JPMorgan wants to it keep track of the automobile inventory it finances for car dealers – and prevent them from pledging the same cars for different loans.
Chase Auto, the bank’s wholesale car financing arm has filed a patent application describing a distributed ledger-based version of floorplan lending, a revolving line of credit that allows car dealers to borrow against retail inventory.
Track Vehicle Identification Number
Every car has an individual vehicle identification number (VIN) . The bank reckons that these can be anchored to a blockchain. The application is a blockchain version of floorplan lending, which will enable car dealers to take loans against their retail inventory. Floorplan lending process is a way of carrying out physical checks on all the inventory on a dealership’s lots, periodically.
Also, the bank aims to use the new application to eliminate inefficiencies that are associated with auditing a dealer’s inventory by linking a car’s vehicle identification number (VIN) to the blockchain and it firmly believes will bring about substantial cost savings over time since there are millions of new and used cars that are part of the floorplan lines of credit.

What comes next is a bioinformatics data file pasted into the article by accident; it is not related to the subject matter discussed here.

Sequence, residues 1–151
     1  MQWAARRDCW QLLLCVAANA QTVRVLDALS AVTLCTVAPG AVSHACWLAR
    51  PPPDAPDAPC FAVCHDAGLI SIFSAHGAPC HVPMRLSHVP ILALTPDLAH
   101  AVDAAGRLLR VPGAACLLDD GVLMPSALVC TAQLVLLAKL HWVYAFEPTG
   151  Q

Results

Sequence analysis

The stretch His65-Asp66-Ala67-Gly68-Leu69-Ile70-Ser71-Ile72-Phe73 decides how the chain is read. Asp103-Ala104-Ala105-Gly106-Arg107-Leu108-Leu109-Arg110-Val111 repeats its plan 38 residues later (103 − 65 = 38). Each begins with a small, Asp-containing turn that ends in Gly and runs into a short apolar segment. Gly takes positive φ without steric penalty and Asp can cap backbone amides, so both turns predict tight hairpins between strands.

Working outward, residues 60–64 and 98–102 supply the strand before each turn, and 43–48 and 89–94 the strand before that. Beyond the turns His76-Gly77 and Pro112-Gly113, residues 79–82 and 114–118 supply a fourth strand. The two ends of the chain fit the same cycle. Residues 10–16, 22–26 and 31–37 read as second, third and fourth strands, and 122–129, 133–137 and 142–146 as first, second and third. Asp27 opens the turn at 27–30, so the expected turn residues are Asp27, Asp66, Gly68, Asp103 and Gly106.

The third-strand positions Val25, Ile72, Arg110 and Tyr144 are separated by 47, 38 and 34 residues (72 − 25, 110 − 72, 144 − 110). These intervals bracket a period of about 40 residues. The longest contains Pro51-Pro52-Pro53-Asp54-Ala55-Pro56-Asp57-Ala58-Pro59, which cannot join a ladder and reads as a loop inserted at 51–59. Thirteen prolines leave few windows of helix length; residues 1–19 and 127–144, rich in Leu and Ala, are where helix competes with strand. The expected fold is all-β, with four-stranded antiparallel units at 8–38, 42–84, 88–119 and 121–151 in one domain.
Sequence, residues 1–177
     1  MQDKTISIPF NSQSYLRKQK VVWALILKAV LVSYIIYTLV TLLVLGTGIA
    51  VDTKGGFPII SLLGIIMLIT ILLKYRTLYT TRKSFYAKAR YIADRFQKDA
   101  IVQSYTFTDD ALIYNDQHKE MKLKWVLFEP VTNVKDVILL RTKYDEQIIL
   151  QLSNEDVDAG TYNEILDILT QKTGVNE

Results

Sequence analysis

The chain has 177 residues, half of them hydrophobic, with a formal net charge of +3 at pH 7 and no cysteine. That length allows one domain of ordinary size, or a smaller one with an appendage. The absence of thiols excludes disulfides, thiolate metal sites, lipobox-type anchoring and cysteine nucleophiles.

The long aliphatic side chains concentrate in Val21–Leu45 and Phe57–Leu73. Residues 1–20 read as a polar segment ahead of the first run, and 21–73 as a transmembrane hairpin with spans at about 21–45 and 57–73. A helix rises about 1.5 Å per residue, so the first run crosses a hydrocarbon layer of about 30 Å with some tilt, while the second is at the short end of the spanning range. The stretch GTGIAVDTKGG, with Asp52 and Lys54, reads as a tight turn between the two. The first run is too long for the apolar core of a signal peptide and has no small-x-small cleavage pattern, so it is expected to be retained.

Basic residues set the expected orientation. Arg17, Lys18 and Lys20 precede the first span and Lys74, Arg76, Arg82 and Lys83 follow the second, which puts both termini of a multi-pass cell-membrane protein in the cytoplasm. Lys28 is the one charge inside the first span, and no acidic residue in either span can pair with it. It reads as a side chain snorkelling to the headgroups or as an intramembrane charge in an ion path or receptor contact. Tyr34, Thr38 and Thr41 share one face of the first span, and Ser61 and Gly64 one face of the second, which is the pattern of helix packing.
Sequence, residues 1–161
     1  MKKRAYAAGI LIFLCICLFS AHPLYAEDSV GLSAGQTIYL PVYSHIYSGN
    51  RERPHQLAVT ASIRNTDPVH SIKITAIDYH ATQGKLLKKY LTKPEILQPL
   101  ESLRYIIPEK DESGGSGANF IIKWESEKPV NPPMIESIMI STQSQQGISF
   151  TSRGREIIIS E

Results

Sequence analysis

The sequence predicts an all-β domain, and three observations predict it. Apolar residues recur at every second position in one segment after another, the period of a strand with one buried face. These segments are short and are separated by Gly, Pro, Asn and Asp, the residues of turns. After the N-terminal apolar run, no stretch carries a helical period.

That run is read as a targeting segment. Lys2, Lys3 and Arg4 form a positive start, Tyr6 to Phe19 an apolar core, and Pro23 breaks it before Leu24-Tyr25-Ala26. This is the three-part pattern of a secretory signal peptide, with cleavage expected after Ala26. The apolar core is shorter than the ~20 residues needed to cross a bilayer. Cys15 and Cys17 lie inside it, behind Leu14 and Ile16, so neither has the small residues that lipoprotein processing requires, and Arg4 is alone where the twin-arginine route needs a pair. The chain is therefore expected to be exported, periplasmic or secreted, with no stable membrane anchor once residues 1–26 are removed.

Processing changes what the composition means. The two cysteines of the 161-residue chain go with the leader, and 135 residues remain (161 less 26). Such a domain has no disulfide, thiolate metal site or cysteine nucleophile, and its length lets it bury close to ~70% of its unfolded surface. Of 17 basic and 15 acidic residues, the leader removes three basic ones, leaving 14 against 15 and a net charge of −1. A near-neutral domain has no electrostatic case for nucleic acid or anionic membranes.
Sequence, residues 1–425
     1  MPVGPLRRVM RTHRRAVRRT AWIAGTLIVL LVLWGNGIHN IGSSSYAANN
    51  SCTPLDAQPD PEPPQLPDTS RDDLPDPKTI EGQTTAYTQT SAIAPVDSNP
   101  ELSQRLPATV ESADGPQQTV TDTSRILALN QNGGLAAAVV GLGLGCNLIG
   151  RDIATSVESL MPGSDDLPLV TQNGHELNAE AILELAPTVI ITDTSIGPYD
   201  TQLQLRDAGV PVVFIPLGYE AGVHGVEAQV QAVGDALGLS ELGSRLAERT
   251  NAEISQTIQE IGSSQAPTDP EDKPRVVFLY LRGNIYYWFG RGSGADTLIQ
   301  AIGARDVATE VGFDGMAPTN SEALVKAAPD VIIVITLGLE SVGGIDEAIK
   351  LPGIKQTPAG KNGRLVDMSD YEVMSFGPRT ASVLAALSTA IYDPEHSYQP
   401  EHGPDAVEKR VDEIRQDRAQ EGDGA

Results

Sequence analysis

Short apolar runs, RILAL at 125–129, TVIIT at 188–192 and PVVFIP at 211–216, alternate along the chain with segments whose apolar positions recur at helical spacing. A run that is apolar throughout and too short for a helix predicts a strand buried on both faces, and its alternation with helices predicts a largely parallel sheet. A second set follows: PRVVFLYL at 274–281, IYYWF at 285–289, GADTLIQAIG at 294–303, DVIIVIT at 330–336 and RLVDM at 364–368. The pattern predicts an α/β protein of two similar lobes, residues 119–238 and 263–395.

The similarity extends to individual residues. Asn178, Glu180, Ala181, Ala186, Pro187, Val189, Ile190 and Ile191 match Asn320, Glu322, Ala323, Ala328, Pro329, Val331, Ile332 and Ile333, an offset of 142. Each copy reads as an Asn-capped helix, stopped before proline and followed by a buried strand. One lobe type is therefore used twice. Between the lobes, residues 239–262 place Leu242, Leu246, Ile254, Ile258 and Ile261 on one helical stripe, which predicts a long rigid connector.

According to blockchain lead at JPMorgan, Christine Moy, the application is being tested with real dealership partners, but not in production yet.
Explaining how the use of blockchain technology will be beneficial to the system, Moy noted that it helps to prevent double flooring.
“Double Flooring” is an event where a dealership pledge one vehicle as collateral for one floorplan contract to one bank, yet pledge the same collateral for another floorplan contract with other bank.
According to Moy, while JPMorgan and Chase Auto seeking to solve its own problem, they are also looking to add value to the vehicular and equipment industry at as a whole.